Thermal Transfer and Direct Thermal Labels: What's the Difference?
At Smith Corona, we get asked this question a lot - and no wonder. It can be a little confusing! Luckily, the differences between these two print types are fairly simple.
In a word, thermal transfer labels require a thermal ribbon to print onto the label. A hot print head melts the wax from the ribbon into the label stock.
Direct thermal labels do not require a ribbon. A hot print head creates a chemical reaction within the paper stock of the label. The result is a printed barcode.
Which one should I choose?
Thermal transfer printing is more resistant to smudging, smearing, and fading. It's ideal for archival purposes and long-term labeling needs (i.e., 6 months or more). Thermal transfer printing requires both labels and thermal ribbon. However, the cost of these two items combined is usually close to the cost of direct thermal labels alone. While the thermal ribbon creates a far more durable print, it does create an extra hassle. Reloading a thermal ribbon can be a little tricky. The ribbon is covered with printing wax, and you have to get the roll lined up properly.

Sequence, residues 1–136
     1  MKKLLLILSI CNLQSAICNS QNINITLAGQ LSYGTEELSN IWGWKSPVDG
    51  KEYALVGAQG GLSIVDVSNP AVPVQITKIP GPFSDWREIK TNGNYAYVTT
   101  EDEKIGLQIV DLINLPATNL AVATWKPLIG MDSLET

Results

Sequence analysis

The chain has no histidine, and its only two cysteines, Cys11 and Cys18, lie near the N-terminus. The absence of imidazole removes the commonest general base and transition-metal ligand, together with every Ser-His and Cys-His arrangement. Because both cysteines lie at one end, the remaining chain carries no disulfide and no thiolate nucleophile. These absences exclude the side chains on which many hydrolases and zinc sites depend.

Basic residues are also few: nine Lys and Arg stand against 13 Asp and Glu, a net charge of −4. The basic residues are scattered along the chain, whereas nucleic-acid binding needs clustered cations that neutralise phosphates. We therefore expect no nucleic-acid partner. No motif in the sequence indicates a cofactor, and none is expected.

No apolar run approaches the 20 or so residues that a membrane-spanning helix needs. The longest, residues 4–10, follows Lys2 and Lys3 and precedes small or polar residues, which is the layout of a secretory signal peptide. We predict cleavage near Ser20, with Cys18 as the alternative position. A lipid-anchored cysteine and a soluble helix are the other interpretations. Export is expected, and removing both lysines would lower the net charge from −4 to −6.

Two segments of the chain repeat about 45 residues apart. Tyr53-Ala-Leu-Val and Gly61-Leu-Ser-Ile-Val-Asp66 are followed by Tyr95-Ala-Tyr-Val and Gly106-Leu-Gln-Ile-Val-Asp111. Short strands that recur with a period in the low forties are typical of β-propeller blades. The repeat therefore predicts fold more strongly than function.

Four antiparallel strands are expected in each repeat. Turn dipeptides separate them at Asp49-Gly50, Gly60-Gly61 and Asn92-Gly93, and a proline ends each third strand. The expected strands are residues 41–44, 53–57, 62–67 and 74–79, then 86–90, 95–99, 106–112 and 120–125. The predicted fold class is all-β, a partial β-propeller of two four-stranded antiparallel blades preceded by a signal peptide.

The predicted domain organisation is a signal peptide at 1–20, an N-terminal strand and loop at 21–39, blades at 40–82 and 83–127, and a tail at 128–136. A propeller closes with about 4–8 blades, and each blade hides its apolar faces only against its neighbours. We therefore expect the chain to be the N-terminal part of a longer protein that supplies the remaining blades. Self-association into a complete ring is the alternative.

Direct thermal printing is great for shipping. A direct thermal label is often printed today, shipped 3 days later, and discarded with packaging 7-14 days after that. Without the hassle of replacing a transfer label, direct thermal printing offers greater speed of reloading. The tradeoff, of course, is durability. Direct thermal labels will fade and smudge more easily than thermal transfer labels. They may become unscannable after 6 months or more.
If you have any questions about direct thermal printing vs. thermal transfer printing, don't hesitate to get in touch. Our highly trained staff is happy to answer your questions and help you figure out exactly what you need. Call today at 800-875-7000 or send us an email.